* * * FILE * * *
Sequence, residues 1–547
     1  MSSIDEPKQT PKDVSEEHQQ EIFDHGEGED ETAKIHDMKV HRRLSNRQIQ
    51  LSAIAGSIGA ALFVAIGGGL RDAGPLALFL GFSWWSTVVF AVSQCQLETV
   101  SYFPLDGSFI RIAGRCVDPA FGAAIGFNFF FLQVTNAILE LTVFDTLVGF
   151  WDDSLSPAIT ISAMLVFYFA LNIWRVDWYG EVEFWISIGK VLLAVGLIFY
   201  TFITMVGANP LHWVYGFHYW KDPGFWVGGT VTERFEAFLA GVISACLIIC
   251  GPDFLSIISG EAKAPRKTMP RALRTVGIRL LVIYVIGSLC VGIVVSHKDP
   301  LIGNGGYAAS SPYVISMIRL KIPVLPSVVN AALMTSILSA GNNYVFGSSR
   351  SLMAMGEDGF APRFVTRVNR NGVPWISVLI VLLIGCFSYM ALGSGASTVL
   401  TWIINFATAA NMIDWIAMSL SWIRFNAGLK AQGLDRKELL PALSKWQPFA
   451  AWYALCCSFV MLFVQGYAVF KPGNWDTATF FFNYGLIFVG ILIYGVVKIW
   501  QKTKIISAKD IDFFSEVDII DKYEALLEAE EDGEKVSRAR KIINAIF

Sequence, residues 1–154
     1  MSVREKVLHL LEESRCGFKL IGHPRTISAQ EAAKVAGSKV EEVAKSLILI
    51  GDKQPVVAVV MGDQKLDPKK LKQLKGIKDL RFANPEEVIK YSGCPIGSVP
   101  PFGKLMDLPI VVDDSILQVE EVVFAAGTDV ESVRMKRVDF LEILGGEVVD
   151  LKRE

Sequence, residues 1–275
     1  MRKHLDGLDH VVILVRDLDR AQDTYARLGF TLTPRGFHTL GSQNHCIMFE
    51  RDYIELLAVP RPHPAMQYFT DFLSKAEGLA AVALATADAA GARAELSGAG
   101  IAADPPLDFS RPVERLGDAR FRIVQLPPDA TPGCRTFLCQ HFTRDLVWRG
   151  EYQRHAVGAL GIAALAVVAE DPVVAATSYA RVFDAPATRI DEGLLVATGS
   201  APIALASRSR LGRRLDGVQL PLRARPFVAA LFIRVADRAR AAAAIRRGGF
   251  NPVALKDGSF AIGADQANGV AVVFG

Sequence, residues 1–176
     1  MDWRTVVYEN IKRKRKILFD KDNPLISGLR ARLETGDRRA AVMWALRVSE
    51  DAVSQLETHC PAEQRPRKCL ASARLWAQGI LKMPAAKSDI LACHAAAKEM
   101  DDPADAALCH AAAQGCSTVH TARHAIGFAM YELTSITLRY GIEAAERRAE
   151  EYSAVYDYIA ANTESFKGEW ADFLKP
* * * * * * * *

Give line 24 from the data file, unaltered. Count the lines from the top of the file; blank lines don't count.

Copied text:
   251  NPVALKDGSF AIGADQANGV AVVFG